Does Long-Form Content Have a Place in Digital Marketing?

We all know why marketing content creators like long-form content, right?

 It’s because, deep down, we’re a bunch of frustrated artists: We may never finish our Great American Novel, but we can still shoehorn our literary ambitions into the Great American Blog Post.

The most prominent data regarding online reader behavior doesn’t seem to provide much ammunition to counter that charge, either: Certainly we’re not writing long-form content because lots of people finish reading it. For example, a 2008 article by Jakob Nielsen of the Nielsen Norman Group — titled “How Little Do Users Read?”— built on data from an academic study of online readers to conclude that Web users read about 20 percent of the text on an average page they visit.

Others who have tried to study the behavior of Web readers tend to corroborate this dim view of their attention spans. In 2013, Slate partnered with a data scientist from the traffic analysis firm Chartbeat to determine that only 25 percent of readers scrolled past the 1,600th pixel on a typical Slate page.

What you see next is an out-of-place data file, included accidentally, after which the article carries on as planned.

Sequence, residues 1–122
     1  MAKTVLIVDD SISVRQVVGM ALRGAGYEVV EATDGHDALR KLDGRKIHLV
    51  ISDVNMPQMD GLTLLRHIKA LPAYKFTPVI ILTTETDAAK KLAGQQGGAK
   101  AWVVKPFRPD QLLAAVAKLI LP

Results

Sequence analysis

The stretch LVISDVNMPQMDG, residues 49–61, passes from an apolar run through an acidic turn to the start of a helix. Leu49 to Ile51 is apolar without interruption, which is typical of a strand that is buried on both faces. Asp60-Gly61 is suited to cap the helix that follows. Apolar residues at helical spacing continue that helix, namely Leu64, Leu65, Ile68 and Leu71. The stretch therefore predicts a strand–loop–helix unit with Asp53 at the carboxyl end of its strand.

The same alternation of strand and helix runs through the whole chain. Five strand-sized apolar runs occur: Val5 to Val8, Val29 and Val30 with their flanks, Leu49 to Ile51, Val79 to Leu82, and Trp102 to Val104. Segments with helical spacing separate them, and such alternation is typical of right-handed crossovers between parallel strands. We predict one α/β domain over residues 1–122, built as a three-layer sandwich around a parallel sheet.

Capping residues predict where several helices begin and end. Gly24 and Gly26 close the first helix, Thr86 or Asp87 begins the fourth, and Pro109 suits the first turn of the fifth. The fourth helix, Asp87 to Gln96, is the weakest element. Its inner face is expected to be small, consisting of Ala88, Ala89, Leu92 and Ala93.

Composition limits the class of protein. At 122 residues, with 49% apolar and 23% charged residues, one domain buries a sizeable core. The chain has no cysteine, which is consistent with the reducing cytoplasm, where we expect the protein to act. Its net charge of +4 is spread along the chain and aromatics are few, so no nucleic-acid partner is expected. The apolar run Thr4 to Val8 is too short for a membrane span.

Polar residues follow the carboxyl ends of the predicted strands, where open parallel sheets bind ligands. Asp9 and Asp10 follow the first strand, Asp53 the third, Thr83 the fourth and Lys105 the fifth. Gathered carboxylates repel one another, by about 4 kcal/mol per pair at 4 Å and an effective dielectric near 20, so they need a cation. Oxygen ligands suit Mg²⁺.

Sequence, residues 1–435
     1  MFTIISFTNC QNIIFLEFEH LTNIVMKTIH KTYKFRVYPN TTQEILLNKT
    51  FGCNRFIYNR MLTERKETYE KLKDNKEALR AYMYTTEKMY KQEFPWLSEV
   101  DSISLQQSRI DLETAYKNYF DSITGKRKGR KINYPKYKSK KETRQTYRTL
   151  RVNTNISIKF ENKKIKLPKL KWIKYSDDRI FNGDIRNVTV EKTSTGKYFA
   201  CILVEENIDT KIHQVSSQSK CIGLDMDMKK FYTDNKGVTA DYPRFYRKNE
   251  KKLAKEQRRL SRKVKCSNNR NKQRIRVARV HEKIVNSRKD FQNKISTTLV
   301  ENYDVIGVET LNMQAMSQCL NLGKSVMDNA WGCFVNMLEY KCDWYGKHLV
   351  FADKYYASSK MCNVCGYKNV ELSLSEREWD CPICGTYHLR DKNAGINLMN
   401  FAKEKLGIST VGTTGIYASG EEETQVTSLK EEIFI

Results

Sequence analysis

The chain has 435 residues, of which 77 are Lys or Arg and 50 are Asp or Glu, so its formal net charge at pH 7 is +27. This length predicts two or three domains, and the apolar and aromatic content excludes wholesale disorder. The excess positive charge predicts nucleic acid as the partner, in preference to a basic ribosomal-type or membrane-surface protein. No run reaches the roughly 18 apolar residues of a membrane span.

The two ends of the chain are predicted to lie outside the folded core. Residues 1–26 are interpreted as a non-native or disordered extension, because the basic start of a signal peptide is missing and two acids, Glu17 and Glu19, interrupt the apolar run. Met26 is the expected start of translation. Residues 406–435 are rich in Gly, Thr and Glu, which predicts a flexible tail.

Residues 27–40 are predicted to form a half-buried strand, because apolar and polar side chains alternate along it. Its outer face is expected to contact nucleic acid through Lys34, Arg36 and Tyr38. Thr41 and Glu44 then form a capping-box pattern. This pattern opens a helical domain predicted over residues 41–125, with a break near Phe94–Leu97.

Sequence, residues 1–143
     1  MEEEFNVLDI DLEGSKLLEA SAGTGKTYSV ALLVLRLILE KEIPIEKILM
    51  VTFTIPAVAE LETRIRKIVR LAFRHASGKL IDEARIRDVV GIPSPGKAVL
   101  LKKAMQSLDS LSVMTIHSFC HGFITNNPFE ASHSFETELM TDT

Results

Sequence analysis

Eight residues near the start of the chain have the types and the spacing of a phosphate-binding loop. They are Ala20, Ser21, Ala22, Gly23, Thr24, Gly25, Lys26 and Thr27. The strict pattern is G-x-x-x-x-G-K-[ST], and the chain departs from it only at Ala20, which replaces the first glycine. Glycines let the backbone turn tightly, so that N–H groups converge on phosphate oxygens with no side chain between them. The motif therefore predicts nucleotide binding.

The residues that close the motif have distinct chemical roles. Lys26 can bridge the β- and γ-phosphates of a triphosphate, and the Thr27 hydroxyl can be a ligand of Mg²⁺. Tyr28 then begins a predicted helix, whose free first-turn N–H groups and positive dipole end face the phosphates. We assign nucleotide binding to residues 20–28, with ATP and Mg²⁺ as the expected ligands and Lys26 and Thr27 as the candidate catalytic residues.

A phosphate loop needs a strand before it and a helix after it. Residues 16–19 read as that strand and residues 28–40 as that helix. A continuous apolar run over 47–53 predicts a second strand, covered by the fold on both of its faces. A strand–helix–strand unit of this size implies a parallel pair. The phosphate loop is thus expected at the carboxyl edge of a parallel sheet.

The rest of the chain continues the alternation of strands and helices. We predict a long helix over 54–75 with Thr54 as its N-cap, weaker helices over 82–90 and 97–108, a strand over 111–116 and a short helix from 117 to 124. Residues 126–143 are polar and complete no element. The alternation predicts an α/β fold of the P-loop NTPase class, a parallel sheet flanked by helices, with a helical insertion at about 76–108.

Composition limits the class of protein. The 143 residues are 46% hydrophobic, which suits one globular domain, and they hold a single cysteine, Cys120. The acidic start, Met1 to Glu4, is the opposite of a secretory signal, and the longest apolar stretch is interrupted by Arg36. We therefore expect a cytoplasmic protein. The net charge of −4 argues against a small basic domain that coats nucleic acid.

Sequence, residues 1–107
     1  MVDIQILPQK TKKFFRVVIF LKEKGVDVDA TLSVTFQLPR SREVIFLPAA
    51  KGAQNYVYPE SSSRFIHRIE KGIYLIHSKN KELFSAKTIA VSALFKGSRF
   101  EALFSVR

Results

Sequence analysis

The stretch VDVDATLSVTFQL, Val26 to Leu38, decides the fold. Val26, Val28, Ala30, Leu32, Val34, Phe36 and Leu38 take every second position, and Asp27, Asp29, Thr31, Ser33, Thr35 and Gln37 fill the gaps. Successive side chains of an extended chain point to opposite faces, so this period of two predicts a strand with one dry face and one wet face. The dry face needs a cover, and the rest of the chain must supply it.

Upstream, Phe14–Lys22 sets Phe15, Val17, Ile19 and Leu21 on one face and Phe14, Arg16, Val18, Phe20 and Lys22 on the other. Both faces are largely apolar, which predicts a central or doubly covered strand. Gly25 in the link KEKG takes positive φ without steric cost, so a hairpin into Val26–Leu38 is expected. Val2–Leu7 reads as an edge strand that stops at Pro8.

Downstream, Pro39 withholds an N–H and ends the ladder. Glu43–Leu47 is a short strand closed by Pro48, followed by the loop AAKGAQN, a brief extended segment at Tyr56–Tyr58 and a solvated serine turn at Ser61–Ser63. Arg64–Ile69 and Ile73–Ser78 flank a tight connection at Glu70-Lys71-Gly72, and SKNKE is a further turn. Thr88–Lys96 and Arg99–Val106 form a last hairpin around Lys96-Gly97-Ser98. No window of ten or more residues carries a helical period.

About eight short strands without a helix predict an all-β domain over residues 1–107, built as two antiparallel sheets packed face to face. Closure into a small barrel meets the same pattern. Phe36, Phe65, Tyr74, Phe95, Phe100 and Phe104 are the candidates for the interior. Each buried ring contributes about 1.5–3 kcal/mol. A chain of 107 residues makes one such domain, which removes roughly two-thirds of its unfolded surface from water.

That’s right: Not 1,600 words. 1,600 pixels. My MacBook Pro has a monitor resolution of about 1,280 by 800 pixels, so that’s about two laptop screens worth of content. On a standard Slate page, the first 1,600 pixels include a big, bold headline, a photo that’s about 400 pixels tall, and only about 180 words of copy.

So Why Even Bother with Long-Form?

Despite these conclusions — which are enough to make a hard-working writer tear their hair out — a number of forward-thinking marketing firms continue to press forward with innovative long-form content, and their efforts have yielded some encouraging results.

In 2014, writer Josh Steimle published an overview of a number of sources, both anecdotal and scientific, that indicate long-form content can actually deliver better results than short pieces, both in terms of SEO rankings and client conversion rates. For example, the keyword research company SerpIQ performed an analysis in 2014 of the top 10 search results for over 20,000 keywords; they found that the average content length of the top 10 results across all keywords fell between 2,000 and 2,500 words.

However, the benefits Steimle outlined for long-form digital marketing content come with a few caveats: Long pieces only succeed under certain conditions, and occasional long pieces perform worse for SEO and visibility purposes than brief posts published at regular intervals — which doesn’t mean that long-form pieces aren’t worth undertaking, only that they can’t be allowed to interrupt a consistent supply of concise, informative content.